If you've furnished and decorated a room, yet it still feels incomplete, the one design element that may be missing is the perfect curtains. According to interior designer Nate Berkus, they're often the finishing touch to a space. "For years I tried to avoid using draperies because I thought they were too fussy, but now they feel like an important final step that needs to happen for a room to feel complete and layered," he tells MyDomaine.
The design pro even has his own exclusive collection for The Shade Store that includes a variety of signature patterns and prints made for roller shades, Roman shades, and drapery. Basically, he's an expert on all things curtains, which is why you may want to glean a bit of wisdom from his experience before you start hanging drapes in your home.
According to Berkus, getting the length wrong is the most common mistake when it comes to this design element. "I really can't stand curtains that don't hang the full length from the ceiling all the way down to touching or just skimming the floor," he explains. "You want them to give as much height as possible," Berkus adds.
The Living Room
When it comes to living room curtain ideas, Okin recommends starting with the architecture of the space. For example, if the windows are tall, you may consider going for long, flowing curtains, but if the windows are on the smaller side, a tailored Roman shade might be more appropriate.
Flanigan suggests going for a sheer curtain in the living room. "I love to let as much natural light in as possible, so sheers with a slight pinch pleat detailing are my favorite living room drapery," the designer explains. According to her, it's an effortless and refined look that won't block the view.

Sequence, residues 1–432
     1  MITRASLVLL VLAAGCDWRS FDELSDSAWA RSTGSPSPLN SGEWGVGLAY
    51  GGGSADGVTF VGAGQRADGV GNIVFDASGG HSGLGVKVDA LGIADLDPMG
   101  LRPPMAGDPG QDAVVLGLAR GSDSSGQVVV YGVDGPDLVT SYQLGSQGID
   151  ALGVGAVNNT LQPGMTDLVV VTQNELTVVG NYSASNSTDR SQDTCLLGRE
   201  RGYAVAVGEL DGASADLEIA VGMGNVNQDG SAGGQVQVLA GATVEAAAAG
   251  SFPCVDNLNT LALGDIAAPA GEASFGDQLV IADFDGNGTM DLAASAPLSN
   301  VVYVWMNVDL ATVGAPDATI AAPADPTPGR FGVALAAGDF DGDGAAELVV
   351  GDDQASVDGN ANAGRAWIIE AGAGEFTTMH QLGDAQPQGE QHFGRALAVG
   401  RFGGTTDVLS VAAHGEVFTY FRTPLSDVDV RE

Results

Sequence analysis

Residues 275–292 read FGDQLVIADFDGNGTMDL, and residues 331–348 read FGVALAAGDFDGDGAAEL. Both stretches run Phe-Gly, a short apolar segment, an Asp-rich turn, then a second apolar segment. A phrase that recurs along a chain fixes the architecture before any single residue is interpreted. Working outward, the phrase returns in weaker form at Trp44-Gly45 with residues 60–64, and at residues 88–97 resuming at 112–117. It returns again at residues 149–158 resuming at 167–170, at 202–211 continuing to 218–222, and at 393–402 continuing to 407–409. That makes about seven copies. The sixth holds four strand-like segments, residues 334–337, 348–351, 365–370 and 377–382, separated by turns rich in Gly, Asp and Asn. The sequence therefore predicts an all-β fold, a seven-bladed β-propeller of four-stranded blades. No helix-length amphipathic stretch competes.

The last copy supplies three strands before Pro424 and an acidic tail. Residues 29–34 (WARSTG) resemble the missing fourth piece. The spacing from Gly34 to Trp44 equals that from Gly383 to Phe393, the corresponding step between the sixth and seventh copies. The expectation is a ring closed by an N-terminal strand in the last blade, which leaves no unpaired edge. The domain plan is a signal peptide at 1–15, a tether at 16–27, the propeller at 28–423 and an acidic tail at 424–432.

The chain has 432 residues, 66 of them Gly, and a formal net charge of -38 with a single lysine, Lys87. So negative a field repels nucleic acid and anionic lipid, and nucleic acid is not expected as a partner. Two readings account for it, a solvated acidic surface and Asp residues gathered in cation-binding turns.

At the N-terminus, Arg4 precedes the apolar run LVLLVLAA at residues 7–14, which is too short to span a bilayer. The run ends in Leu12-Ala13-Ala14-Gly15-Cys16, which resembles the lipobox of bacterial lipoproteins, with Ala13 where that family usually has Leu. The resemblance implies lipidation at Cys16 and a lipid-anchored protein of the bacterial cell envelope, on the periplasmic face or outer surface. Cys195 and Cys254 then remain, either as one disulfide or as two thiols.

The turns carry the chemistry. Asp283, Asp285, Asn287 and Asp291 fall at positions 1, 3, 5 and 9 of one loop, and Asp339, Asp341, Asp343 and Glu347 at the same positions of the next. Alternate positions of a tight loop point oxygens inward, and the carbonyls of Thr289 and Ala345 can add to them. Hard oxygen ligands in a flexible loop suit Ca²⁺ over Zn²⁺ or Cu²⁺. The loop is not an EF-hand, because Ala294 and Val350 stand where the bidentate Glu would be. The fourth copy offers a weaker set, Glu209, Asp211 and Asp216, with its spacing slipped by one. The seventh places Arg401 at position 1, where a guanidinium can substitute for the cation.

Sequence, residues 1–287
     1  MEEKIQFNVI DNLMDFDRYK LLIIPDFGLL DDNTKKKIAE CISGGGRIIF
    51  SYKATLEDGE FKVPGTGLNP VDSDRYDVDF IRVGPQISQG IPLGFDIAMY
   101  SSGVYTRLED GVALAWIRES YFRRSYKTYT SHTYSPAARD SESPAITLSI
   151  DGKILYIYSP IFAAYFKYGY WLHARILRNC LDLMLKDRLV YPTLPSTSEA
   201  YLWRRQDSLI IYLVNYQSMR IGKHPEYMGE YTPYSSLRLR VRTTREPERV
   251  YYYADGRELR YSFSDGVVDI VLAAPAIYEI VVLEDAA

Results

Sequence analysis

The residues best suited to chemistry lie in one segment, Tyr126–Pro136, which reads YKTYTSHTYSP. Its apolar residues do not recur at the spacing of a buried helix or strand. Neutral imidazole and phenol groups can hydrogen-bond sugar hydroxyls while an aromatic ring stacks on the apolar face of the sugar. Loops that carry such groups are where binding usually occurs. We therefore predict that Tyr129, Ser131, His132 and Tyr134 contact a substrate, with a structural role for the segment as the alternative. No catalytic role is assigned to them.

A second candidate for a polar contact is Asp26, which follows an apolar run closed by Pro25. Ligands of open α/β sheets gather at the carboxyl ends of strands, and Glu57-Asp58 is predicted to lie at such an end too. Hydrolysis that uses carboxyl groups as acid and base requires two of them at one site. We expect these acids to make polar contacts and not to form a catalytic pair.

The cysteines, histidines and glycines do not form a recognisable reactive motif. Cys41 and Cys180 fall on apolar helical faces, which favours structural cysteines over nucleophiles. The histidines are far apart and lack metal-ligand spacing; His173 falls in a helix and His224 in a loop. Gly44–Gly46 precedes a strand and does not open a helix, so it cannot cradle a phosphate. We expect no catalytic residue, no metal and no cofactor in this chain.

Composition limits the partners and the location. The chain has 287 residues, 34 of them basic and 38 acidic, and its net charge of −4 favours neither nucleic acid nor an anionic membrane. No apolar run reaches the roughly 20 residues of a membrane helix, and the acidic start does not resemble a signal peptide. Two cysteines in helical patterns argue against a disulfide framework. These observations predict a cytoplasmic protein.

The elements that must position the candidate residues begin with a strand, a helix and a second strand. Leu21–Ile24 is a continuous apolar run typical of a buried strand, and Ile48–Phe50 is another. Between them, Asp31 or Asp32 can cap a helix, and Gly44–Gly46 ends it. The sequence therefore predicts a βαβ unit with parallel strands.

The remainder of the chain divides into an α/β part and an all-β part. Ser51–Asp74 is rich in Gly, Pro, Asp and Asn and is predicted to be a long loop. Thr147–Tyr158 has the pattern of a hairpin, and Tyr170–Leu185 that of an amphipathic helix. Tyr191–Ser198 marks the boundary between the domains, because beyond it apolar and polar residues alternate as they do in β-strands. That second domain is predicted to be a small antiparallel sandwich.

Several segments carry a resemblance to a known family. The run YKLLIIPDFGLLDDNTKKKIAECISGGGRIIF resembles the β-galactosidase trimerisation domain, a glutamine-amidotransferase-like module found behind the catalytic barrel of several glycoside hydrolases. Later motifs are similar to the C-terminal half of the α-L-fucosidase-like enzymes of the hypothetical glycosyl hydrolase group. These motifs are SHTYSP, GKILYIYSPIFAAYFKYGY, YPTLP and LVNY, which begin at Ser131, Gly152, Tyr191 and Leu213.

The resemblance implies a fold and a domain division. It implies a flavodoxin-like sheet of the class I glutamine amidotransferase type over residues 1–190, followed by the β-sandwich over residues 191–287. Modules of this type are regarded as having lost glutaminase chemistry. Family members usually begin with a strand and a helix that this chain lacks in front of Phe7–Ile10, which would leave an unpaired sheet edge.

And while Flanigan is all for an embroidered stripe for a bit of visual interest, she tends to avoid any hardware that's overly ornate. Instead, she advises going for a simplistic rod with a French elbow or even drapery tracks that are seamlessly built into the ceiling for a clean, minimal look.
In the dining room, as in any room, Okin finds that it's best to base your décor choices off of the architecture of the space. Berkus agrees, suggesting that curtains should feel related to the rest of the space they're hung in. "The curtains could be a stand-alone feature if you’re working with a really specialized material, but most of the time, there should be a connection to what else is in the room for the space to feel unified," he explains.
If you're not sure where to start, Berkus suggests picking a curtain color that matches the color of your walls. According to him, it's a very modern look that ensures the drapes feel connected to what's already in the room.
Okin and Flanigan agree that Roman shades often work best in the kitchen. This way, plenty of natural light can be let into the space without long flowing drapes getting in the way of your cooking. Flanigan points out that if your kitchen windows are located above countertops, Roman shades will ensure that the space below the windows can remain a clean work or storage area. Of course, if your windows are located in an open area, full-length drapes can still work.
"I always recommend installing blackout curtains in a bedroom," Flanigan says. She suggests using a double rod so you can layer sheer curtains with blackout drapes for ultimate privacy and your best sleep possible. You can even motorize your blackout shades for a luxe, hotel-inspired atmosphere.
"I also love to mix Roman shades with drapery, often layering one over the other," the designer explains. Just don't forget to use a valance to maximize the effect of your blackout curtains, she warns. Her favorites are simple and well-tailored.
When it comes to bathroom curtain ideas, Flanigan and Okin think the Roman shades are your best option in most cases. "It really does depend on the architecture of the space," Okin points out.
Flanigan likes the look of sheer Roman shades if you have windows above a bathtub; however, if it's free-standing, you might also consider framing it with drapery panels. "[This] lends a powerful sense of drama and those panels can always be lined if privacy is your greatest concern," the designer adds.